See no evil? Law takes a wayward turn to shield slaughter
When I was a young boy on the verge of becoming a man, my dad invited my brother and I to a “special” fishing trip. He made it clear it was going to be a “guys” event for the three of us .
So we get our anchor dropped, and worms in the water. Then Dad says, “I just want you to know that you are becoming men now, and there are a few things I need you to understand.”
My brother and I looked at each other in panic. We were trapped in the boat, and about to get “the talk.”
“Here is the thing,” Dad says. “When you are out with girls, and get certain urges, just remember that if you would not do whatever it is in front of her mother, don’t do it.”
That was the end of “the talk.”
Turns out it is not a bad guiding principle for life.
Too bad our nation is going in a different direction. Mom is now legally prohibited from protecting her children’s safety by overseeing others’ behavior — and people who try to show her can be jailed.
After volunteers in Idaho surreptitiously recorded and publicized unsanitary processing of animals being slaughtered for human consumption, the national industry groups have been successful at passing state laws that make it illegal to film or broadcast unsanitary practices, cruelty to animals or dumping of tons of untreated hormone laden animal poop into public waterways. Nine states have passed laws (nicknamed AG-GAG laws) making it a crime for outsiders to record and disclose illegal activity in agriculture facilities, slaughterhouse and large animal feeding lots. Other states are considering passing similar legislation.
At the same time, the front ranks of taxpayer-funded public health defenders have been significantly reduced. In North Carolina, since 2008, the environmental protection budget has been cut 52 percent. Since 2011, in the water quality area alone, one out of every three jobs was eliminated, and legal protections in place to protect state inspectors from retaliation for reporting violations were removed.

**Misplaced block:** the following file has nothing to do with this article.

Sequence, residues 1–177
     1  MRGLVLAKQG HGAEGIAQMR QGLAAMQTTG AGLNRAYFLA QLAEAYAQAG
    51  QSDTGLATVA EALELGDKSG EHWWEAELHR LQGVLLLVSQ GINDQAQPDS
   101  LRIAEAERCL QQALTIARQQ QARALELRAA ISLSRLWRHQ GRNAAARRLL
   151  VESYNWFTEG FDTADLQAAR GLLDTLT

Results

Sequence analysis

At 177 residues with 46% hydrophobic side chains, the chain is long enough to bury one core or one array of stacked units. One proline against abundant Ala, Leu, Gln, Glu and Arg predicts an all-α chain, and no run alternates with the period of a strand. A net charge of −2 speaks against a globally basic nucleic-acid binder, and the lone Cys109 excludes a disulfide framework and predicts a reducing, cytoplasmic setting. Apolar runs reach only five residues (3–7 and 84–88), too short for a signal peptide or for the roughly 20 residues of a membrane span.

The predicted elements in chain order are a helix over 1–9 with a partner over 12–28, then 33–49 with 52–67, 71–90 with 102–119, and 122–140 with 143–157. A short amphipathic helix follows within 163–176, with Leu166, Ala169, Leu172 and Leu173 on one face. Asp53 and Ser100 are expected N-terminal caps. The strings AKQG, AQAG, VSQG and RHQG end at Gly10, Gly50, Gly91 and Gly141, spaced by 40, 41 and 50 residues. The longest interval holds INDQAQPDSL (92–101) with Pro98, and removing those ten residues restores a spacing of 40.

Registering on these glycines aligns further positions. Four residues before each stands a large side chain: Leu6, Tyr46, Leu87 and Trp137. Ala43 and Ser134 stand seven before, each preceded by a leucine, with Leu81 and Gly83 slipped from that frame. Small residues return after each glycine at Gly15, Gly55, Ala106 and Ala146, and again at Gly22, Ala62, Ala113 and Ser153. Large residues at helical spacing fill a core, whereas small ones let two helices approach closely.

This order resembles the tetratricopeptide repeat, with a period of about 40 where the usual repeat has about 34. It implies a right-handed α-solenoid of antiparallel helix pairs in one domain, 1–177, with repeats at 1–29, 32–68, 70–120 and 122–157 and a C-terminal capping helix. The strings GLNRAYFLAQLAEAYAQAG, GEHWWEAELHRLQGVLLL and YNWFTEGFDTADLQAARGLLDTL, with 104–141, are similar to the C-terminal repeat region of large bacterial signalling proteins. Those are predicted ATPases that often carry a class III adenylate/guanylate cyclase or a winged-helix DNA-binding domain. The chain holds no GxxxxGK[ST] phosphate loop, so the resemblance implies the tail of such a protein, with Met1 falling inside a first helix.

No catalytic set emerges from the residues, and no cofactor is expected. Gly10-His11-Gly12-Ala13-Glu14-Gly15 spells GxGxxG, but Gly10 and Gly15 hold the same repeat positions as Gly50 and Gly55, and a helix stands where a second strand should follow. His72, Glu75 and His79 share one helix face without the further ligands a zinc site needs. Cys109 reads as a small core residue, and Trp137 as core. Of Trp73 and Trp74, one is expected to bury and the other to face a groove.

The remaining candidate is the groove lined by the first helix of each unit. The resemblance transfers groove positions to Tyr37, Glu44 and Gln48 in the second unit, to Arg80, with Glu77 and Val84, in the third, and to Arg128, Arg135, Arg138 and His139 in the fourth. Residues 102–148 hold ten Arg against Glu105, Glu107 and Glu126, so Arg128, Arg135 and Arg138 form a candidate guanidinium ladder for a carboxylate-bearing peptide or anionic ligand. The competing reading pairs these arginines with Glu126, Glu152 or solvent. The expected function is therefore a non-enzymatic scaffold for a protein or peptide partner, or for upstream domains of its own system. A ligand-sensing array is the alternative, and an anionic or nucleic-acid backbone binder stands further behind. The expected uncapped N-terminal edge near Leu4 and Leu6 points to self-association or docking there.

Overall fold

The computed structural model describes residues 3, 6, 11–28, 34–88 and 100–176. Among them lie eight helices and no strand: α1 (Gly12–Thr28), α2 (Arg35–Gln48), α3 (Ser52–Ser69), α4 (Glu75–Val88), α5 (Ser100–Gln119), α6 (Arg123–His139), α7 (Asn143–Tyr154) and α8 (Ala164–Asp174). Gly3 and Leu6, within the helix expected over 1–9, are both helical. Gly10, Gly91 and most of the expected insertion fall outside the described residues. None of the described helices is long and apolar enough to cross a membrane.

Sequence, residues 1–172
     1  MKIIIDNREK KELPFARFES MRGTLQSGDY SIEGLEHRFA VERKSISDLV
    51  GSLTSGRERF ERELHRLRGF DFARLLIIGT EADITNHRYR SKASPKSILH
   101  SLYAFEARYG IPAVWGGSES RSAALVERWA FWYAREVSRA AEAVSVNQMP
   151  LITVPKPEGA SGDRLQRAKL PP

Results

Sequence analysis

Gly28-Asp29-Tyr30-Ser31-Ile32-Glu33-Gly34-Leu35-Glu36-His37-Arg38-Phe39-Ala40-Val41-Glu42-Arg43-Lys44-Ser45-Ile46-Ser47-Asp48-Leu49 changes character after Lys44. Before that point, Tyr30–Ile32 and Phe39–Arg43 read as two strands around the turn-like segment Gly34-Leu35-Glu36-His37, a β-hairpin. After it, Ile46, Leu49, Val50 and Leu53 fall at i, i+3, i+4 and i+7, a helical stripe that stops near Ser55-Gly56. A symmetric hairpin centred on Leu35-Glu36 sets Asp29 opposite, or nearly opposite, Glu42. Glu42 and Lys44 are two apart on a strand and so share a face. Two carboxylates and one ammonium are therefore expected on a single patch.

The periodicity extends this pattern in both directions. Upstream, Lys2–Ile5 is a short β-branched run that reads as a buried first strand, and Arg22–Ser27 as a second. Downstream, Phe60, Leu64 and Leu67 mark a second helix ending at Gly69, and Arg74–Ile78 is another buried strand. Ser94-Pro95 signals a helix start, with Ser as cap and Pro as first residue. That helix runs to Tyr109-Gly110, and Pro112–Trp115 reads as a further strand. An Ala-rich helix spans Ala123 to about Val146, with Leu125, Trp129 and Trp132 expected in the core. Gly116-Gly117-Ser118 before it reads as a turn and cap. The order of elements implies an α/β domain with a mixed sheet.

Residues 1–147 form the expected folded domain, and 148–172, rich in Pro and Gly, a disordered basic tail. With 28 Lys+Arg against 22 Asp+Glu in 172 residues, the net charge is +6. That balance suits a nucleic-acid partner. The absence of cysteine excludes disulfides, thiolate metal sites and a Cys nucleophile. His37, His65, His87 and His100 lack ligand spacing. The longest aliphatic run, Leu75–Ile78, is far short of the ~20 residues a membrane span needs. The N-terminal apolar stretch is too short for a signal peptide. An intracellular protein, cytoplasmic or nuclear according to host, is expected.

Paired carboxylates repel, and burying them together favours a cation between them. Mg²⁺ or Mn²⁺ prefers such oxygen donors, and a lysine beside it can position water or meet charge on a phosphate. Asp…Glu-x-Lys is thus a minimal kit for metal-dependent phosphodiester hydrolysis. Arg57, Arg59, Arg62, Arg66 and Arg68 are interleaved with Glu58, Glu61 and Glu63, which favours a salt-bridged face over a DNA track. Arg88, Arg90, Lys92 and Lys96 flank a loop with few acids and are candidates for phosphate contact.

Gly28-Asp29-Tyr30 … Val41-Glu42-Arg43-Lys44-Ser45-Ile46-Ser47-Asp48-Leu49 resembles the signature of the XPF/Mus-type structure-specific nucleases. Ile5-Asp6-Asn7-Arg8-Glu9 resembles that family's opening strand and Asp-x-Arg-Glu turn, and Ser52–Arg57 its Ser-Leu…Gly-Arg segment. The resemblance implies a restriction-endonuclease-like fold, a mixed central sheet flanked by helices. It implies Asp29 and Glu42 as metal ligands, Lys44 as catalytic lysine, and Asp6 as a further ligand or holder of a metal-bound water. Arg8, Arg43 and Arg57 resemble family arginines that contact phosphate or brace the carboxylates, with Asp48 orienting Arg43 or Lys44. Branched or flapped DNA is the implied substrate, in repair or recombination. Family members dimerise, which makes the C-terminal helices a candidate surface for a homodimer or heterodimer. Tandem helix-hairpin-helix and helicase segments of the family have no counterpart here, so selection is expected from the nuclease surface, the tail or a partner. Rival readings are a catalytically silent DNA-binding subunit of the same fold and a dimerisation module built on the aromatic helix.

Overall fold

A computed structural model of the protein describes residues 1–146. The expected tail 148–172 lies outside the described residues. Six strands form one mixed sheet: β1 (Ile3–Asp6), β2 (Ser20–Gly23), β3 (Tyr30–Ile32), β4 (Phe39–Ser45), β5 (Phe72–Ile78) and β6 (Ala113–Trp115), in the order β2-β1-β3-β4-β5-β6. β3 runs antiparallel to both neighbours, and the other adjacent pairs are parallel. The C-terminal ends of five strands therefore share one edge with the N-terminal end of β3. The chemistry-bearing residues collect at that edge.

Some citizens want to keep Mom’s eyes active.
The Ladies of The Lake is an woman’s volunteer organization located just north of Toronto, Canada, on the shores of Lake Simco. The lake, about 15 miles across, was dying from pollution from farms, factories and homes. The Ladies decided that they needed to attract some attention to the situation.
In 2006 The Ladies decided to launch a calendar featuring “cheeky not cheesy” photos of the neighborhood woman who cared about the lake — and surrounded the photos with disgusting facts about the lake’s pollution. Inspired by the 2003 movie “Calendar Girls,” about a similar effort in England, the project calendar sold 12,500 copies and raised over $247,000. They also produced a wonderful citizens guide to water pollution called “The Naked Truth — Going Behind The Science of Lake Simcoe.” Publication of the information forced government and polluters to clean up their act.
Other groups are using drones to fly over suspected polluters. One group is called Show Animals Respect and Kindness (SHARK). They stunned the Las Vegas tourist crowd with upsetting videos of unsafe animal husbandry practices they had filmed with hidden cameras that they projected on movie screens towed behind cars along the tourist-loaded streets.
Leaders of the most visible of these efforts have been threatened with fines and jail for violating the “ag-gag” laws
For those groups that need scientific instruments to record unsafe conditions, it is now possible for citizen volunteers to use portable “sniffers” that take highly sophisticated measurements, and send them in to a central collection bank for analysis. These tools, costing around $200, were developed by citizen volunteers, and funded by KickStarter (an online crowdsourcing way for people to make small donations to support specific projects). The group is also developing cell phone apps for the same purpose. You can see more by googling “crowdsourced environmental monitoring.”
We have retreated a long way to get to a place where it is illegal to study and report behavior of those that may threaten the health of our loved ones or threaten the environmental cops if they try to protect us. Using modern technology and old-fashioned civic organizing, this trend can be reversed — but only if we behave like our parents would have when their vulnerable kids were entering risky waters.
To see the sources of facts used in this article and learn of other successful money- and life-saving programs that can be implemented locally to create a better future for our country, go to www.TheOptimisticFuturist.org
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